What Is the Empath Shutdown?
It is when an empath or a highly sensitive person (HSP) emotionally withdraws from an intense situation that involves conflict, violence, or suffering.
In essence, it’s a self-preservation and coping mechanism that helps them deal with emotional overwhelm.
Why Does It Happen?
Empaths and highly sensitive people are known to have enhanced perception when it comes to the feelings of those around them.
This is exactly what empathy is – the ability to relate to someone else’s feelings. Their level of empathy is so high that they can even confuse others’ emotions for their own.
With that being said, you would expect an empath to show compassion and immediately offer help to someone who is suffering, right?
In reality, it doesn’t work this way for all empaths and HSPs. Some of them do quite the opposite: they shut down when they witness conflict, suffering, or intensity.
Why does it happen? Why would a highly empathetic person shut down and act indifferent when they are supposed to be engaged and feel compassion?
I had a conversation with HSP expert Dr. Tracy Cooper who is also the author of Empowering the Sensitive Male Soul. According to him, there may be several reasons for the empath shutdown in high-conflict and intense situations. We explore them below.
3 Things That Explain the Empath Shutdown
1. Sensory overwhelm
First of all, empaths and highly sensitive people have a trait called sensory processing sensitivity. It means that their brains process a greater number of stimuli from the surrounding environment, compared to the average person.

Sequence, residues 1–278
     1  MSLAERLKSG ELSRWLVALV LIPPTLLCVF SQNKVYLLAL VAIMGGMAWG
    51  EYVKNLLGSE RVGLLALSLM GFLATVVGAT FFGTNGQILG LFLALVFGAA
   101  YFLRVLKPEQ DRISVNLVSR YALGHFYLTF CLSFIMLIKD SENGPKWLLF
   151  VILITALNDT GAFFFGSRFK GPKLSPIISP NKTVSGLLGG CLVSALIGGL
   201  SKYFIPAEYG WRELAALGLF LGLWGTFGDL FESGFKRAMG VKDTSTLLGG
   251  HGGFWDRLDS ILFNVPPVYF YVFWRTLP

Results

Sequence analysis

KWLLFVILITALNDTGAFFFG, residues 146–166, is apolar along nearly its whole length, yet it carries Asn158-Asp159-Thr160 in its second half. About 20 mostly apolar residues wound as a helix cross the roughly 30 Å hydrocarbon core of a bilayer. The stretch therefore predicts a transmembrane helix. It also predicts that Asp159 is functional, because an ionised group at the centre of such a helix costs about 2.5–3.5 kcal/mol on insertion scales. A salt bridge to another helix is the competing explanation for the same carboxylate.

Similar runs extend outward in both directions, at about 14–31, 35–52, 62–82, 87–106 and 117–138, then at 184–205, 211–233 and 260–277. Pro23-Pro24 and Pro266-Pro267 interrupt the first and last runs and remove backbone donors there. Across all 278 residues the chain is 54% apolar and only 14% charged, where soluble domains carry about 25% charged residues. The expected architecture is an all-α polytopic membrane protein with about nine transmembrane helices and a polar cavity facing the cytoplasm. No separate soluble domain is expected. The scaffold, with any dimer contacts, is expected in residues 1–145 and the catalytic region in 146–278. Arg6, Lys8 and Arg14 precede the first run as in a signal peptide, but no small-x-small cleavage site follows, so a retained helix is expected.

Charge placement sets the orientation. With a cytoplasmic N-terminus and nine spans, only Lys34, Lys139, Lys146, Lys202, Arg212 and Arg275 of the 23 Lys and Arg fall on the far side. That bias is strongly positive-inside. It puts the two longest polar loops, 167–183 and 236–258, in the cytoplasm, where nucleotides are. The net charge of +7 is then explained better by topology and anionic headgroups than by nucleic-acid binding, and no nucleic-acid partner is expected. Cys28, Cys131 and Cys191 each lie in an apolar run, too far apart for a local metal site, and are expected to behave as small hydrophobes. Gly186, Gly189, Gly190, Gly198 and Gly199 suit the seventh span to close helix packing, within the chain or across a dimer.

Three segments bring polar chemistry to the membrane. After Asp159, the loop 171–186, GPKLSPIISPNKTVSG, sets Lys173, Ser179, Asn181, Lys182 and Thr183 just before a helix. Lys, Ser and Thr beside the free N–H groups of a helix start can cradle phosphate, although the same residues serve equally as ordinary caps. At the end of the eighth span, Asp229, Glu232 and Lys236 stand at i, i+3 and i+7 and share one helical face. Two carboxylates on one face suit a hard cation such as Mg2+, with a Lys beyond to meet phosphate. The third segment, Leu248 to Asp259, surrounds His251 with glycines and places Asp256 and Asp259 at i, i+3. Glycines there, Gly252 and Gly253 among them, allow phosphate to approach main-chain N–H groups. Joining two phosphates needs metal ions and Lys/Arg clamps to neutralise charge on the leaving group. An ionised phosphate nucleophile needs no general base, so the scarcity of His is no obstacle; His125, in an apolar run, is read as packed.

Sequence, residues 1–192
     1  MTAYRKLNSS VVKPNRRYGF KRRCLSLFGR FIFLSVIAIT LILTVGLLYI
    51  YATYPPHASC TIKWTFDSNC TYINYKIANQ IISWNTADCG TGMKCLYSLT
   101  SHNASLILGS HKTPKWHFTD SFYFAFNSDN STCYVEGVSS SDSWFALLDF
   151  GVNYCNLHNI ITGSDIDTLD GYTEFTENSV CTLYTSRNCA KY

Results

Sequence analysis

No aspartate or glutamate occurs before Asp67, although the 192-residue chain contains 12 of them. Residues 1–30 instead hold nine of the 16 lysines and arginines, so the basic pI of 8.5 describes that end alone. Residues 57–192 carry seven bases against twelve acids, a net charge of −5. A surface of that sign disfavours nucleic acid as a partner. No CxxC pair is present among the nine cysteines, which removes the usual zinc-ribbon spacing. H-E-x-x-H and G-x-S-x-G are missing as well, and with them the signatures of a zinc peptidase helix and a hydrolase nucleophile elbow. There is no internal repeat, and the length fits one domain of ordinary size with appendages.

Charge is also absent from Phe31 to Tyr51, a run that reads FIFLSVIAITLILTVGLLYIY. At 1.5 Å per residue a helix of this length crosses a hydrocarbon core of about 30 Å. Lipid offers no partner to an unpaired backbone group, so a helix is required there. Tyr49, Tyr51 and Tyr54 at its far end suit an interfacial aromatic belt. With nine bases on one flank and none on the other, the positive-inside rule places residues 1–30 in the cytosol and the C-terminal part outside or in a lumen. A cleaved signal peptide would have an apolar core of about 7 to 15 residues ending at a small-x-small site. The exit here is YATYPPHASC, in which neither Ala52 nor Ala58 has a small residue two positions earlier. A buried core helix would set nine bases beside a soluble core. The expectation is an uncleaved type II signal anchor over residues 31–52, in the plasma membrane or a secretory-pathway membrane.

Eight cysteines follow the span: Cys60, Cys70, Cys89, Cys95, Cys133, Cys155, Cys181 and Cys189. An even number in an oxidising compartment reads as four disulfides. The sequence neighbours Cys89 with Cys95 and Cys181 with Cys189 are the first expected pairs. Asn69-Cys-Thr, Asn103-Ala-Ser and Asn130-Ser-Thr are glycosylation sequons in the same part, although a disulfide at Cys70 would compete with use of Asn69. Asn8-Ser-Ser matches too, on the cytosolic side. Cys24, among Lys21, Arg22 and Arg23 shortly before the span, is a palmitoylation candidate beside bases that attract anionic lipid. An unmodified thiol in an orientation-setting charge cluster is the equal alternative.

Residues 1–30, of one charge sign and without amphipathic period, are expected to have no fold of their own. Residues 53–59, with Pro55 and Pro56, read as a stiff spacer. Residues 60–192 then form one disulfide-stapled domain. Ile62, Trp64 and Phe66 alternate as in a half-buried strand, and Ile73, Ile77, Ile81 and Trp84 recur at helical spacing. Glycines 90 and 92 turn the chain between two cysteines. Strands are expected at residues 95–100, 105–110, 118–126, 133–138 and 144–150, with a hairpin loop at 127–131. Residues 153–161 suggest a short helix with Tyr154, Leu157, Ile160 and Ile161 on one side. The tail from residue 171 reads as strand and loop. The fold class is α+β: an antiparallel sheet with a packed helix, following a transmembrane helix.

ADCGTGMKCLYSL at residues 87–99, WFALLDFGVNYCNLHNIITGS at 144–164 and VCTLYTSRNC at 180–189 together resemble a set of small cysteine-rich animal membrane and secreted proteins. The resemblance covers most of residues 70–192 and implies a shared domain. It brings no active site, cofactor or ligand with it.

An emotionally charged situation is a source of too many stimuli, which means that it can lead an empath to overload in no time. That’s why they choose to shut down and withdraw from the situation that is so overwhelming.
As Dr. Cooper explains,
The amount of overwhelm generated by highly charged events, whether they are witnessed in-person or via the media, may far exceed the lower threshold HSPs for overstimulation that is inherent in the trait known as sensory processing sensitivity.
It is an innate genetic trait that evolved as a survival advantage for individuals and groups. In order to represent an advantage, 15-20% of the population may be more sensitive to all stimuli in the natural and interpersonal environments.
That can be a lot of information flowing in through the senses! An individual who identifies with sensory processing sensitivity may feel overexcited, overstimulated, or feel a need to withdraw from highly charged situations before others who may be lower in sensitivity.
2. Past trauma
Many empaths and highly sensitive people endured trauma in the past. Traumatic experiences such as abuse, bullying, and neglect leave long-lasting scars on these sensitive souls.
Among others, they may result in an empath being disconnected from their own feelings. Hence the difficulty to manage their emotions.
When an empath or a highly sensitive person witnesses others suffering, they automatically go back to the traumatic moment that made them feel unsafe and powerless.
Therefore, a wounded empath finds it easier to shut down and not deal with the mess that’s going on in their soul. In essence, they suppress their emotions and ‘switch off’ what they feel.
As Dr. Cooper puts it,